The 2018 Toyota C-HR just went on sale in April, at a low enough price and a fun enough look to sell well enough that a shop would see one.
Toyota in its news release didn’t particularly trumpet the body structure, aside to say it uses the TNGA global platform found on the new Camry and Prius, to name just a few.
But though the C-HR (“Coupe High-Rider”) just hit dealerships, Toyota already had a collision repair manual ready to go. It reveals a body-in-white made up of a lot of high-strength steel — and ultra-high-strength steel.
980- and 1,500-megapascal steel can be found on both a A- and B-pillars, roof rails, frame rails, A-pillar reinforcement, the center roof rail, and in a variety of other locations.
Such steel typically has far greater restrictions than the mild steel of older vehicles (and found in the C-HR as well); Toyota’s include no sectioning or hot or cold straightening. Toyota applies the same restrictions to its 590 MPa advanced high-strength steel as well, and it bars sectioning of any of its 440 MPa high-strength steel except in specified locations.
“This recommendation is based on a reduction in reinforcement strength and crash energy management revealed during research and testing conducted by Toyota Motor Corporation,” Toyota wrote. “Repaired and/or improperly sectioned reinforcements failed to exhibit the strength and performance ratings of genuine new original equipment service parts installed to specification. Therefore damaged occupant cabin reinforcements must be replaced.”
(For more steel do’s and don’ts — such as those related to welding and heat sensitivity — visit Toyota’s repair procedures on its Technical Information System, and its position statements and CRIB bulletins on the Collision Repair and Refinish Training website.)
The bumper reinforcement beams are aluminum — and note that the C-HR has a second front bumper beam. Toyota bans repairing reinforcements.
“The bumper reinforcement is designed so that it performs at 100% in its original shape,” Toyota writes in its repair procedures. “However, if the bumper reinforcement is repaired, its performance may not be the same as before the accident.”
But don’t worry, painters — the C-HR has a consideration for you too. For an extra $500, Toyota will allow a customer a second paint color on the top half of the crossover.
“For a bigger dose of individuality, the C-HR can be outfitted in R-Code, a special paintjob that pairs body color with a white-painted roof, side mirrors, and A-pillar for a truly custom look,” Toyota writes. “Available pairings include Blue Eclipse Metallic R-Code, Ruby Flare Pearl R-Code, and Radiant Green Mica R-Code. Radiant Green Mica can only be had in R-Code configuration.”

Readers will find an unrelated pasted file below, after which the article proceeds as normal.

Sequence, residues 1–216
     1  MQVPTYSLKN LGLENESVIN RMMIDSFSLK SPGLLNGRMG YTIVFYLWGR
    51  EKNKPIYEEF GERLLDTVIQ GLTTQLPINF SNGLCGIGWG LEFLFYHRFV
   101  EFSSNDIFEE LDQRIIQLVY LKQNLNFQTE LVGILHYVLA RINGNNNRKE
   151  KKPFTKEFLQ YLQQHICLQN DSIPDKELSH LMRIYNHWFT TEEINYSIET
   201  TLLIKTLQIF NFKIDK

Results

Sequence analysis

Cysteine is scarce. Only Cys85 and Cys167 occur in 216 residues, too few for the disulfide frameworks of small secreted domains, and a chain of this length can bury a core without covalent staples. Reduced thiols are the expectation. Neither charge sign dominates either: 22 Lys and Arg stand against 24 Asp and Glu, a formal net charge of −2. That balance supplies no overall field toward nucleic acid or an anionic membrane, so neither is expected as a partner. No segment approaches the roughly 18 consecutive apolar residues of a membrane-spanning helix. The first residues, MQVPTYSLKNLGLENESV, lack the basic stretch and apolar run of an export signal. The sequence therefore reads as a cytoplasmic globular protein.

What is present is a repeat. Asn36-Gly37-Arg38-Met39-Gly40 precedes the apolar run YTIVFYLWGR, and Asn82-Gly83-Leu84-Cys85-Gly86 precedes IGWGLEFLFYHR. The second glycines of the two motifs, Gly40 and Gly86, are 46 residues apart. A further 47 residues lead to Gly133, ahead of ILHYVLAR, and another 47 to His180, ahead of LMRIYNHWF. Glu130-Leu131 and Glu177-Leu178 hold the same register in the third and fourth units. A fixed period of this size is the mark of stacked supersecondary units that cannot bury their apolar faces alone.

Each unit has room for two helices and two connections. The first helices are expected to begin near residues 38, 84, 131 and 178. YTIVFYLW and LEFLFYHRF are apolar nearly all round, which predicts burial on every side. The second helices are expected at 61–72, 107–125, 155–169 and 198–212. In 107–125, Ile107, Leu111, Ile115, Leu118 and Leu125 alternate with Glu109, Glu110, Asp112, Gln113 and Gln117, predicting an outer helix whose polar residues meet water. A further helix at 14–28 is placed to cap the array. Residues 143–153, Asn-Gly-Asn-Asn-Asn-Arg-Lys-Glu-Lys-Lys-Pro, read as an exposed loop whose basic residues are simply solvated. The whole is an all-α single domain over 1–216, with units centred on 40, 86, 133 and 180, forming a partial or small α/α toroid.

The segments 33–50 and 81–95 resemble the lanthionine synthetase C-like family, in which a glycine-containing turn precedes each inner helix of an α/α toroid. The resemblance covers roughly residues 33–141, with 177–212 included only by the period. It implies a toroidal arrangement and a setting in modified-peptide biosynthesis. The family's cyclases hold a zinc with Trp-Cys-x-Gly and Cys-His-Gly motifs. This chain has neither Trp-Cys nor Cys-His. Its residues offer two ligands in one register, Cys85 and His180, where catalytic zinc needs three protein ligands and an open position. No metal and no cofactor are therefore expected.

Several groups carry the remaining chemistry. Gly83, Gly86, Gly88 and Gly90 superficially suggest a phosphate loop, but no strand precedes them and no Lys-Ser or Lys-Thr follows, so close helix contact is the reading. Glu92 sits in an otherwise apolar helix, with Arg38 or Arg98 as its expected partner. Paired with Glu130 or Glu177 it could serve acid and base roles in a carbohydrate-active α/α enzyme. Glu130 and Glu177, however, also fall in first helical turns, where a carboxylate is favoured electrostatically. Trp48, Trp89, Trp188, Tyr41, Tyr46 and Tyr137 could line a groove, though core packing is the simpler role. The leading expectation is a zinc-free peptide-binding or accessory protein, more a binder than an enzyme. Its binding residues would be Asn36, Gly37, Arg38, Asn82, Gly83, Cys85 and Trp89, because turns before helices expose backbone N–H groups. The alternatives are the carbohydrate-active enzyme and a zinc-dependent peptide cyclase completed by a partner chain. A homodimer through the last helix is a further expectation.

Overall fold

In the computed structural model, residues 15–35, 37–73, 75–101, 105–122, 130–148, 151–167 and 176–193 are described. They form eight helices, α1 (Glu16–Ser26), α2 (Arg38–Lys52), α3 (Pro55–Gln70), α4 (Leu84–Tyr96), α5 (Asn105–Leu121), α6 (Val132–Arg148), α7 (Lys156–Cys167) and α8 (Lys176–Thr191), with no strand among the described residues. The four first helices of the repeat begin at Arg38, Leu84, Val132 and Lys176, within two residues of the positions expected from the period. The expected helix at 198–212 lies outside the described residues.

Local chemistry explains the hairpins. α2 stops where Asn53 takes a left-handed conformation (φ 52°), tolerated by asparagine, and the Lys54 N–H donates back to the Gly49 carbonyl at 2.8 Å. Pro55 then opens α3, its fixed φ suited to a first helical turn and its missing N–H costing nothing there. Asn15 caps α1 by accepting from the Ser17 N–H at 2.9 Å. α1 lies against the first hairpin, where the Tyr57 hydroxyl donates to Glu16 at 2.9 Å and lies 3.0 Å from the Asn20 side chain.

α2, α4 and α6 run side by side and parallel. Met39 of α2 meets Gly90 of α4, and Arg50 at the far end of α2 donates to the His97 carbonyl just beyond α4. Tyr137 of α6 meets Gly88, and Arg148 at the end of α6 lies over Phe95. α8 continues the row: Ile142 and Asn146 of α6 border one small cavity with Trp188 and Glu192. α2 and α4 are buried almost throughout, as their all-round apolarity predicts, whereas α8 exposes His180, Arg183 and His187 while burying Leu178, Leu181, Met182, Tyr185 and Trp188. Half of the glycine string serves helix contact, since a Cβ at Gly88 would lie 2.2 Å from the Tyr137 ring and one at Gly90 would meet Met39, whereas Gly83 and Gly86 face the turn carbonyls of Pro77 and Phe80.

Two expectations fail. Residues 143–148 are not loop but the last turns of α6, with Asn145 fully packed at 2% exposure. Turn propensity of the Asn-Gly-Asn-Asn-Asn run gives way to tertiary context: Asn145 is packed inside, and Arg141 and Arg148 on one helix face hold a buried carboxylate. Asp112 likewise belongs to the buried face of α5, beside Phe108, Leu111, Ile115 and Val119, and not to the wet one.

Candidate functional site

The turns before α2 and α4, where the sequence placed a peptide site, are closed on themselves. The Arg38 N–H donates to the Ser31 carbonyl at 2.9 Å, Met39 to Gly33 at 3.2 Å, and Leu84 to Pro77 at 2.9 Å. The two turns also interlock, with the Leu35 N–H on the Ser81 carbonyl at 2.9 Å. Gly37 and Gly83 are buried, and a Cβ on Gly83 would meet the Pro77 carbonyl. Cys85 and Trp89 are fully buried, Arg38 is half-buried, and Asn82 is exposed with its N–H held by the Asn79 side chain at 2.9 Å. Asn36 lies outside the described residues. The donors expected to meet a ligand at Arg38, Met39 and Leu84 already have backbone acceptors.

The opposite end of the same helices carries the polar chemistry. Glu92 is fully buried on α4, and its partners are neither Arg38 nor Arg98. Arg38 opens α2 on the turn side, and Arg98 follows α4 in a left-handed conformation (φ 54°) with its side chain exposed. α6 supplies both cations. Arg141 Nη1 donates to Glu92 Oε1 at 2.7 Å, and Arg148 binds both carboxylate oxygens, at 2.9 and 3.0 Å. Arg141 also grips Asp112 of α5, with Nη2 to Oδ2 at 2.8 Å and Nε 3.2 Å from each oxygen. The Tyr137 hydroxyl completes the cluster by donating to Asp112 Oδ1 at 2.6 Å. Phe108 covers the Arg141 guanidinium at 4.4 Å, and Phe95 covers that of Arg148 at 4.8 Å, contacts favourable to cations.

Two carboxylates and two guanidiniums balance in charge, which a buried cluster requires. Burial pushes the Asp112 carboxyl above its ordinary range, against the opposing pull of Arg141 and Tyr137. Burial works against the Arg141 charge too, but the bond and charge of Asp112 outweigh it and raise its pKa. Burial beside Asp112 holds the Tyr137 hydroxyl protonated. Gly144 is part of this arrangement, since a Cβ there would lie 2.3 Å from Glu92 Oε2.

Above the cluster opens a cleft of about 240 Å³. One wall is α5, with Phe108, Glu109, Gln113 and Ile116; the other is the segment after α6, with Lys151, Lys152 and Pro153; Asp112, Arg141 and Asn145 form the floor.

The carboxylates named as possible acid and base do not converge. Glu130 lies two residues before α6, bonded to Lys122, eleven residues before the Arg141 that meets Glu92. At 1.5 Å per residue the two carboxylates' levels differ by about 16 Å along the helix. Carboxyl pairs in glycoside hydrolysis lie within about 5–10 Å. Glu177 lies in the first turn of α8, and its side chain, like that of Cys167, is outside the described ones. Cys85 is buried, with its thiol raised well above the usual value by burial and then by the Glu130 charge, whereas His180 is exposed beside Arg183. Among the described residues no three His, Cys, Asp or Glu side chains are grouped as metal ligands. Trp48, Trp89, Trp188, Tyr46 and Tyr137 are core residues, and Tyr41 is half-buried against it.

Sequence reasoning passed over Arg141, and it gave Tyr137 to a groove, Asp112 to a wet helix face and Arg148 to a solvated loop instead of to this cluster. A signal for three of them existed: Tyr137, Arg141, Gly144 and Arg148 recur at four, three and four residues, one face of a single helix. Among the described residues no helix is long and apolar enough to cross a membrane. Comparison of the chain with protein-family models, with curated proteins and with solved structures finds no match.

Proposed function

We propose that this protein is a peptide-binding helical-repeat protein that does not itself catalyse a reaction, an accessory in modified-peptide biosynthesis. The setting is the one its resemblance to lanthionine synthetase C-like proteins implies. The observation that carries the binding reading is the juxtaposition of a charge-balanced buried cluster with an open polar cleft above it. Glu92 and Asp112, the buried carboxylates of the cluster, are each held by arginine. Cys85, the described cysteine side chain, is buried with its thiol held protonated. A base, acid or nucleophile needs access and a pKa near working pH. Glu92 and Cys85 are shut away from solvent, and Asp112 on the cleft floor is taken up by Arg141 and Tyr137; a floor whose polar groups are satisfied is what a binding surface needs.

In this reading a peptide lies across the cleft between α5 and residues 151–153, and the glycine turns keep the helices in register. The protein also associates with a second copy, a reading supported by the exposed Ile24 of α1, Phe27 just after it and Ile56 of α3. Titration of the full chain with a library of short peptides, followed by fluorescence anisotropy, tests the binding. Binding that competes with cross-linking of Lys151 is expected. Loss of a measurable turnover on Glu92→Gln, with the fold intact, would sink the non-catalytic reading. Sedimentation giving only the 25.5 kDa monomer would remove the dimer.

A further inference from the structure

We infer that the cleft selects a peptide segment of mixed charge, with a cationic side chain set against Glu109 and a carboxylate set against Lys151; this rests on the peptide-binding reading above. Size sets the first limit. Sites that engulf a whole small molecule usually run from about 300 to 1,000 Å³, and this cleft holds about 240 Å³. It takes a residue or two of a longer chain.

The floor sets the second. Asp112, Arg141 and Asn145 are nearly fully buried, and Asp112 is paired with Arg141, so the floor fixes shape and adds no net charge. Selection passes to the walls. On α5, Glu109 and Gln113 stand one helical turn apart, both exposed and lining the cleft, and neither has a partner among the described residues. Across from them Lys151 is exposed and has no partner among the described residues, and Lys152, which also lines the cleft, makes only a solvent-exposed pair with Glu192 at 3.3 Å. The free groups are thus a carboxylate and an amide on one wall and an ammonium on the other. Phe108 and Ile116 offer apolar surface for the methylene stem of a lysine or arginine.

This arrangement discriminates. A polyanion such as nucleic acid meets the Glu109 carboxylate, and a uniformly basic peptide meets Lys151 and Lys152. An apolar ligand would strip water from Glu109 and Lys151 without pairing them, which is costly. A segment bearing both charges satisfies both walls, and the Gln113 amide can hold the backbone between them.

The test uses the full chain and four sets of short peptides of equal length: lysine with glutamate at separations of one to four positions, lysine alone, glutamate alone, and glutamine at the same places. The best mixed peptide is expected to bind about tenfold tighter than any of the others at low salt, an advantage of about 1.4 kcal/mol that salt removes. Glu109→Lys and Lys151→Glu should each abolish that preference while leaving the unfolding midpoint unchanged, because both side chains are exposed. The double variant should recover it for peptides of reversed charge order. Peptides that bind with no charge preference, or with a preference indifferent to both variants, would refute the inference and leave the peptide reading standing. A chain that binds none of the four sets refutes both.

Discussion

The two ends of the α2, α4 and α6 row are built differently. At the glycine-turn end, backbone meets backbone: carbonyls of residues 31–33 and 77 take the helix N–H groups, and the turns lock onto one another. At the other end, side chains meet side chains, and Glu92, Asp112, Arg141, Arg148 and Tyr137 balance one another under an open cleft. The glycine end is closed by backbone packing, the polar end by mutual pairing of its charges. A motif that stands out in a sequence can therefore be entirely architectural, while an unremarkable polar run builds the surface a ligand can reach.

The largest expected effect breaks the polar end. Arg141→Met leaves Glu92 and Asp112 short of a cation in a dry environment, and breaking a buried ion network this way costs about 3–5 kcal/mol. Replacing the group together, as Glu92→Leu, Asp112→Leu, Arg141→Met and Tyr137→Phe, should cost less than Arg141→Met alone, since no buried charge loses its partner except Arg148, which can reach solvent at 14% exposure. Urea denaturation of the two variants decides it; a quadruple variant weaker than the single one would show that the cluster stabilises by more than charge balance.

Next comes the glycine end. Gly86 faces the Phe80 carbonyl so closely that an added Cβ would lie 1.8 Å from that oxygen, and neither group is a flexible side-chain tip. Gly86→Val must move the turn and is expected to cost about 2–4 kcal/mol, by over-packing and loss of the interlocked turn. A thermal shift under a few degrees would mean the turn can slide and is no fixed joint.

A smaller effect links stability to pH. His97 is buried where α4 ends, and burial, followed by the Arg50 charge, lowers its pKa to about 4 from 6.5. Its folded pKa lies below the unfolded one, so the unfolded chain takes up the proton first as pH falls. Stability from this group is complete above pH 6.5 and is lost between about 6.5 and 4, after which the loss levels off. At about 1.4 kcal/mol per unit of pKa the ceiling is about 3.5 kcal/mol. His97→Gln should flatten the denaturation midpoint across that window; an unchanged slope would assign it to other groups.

Toyota referred aftermarket painters seeking more information about the C-HR’s two-tone paint to the training site’s Painters Corner webpage.
Among other features potentially of interest to collision repairers:
- The C-HR won’t let a driver select certain multimedia menus while the vehicle is moving under what’s known as Driver Distraction Secure Audio. Toyota writes that this was meant to comply with the National Highway Traffic Safety Administration’s Driver Distraction Guidelines. It’ll be interesting to see if this has any significant effect upon collisions or if smartphone use ends up being to blame.
- The car can stay braked even with less pressure on the brake pedal under “Brake Hold Function.” Once a driver comes to a full stop, the system holds all four wheels braked, and only a press of the accelerator will start the car.
- Aerodynamics and the body: “Canards on the rear quarter panels, front and rear spats, a streamlined rear lower bumper, and stabilizing fins integrated into the taillights all manage critical airflow in and around the body. Underneath, a bevy of rigid covers – on the engine, floor, fuel tank, and aft of the rear wheels – cull turbulence, and in doing so, help enhance vehicle control and fuel efficiency.”
- The XLE premium’s puddle lights can project the words “Toyota C-HR.”
- Aftermarket glass might make for a louder ride? Passengers can easily converse thanks in large part to the acoustic noise-reducing front windshield.
- And like basically everything else Toyota produces for the 2018 model year, an ADAS safety suite comes standard. Scanning and calibration will be even more crucial.
Toyota, March 8, 2017
The 2018 Toyota C-HR is shown. (Provided by Toyota)
The 2018 Toyota C-HR body-in-white includes a lot of high-strength steel — and ultra-high-strength steel. (Provided by Toyota)
The 2018 Toyota C-HR with the R-Code paint job is shown. (Provided by Toyota)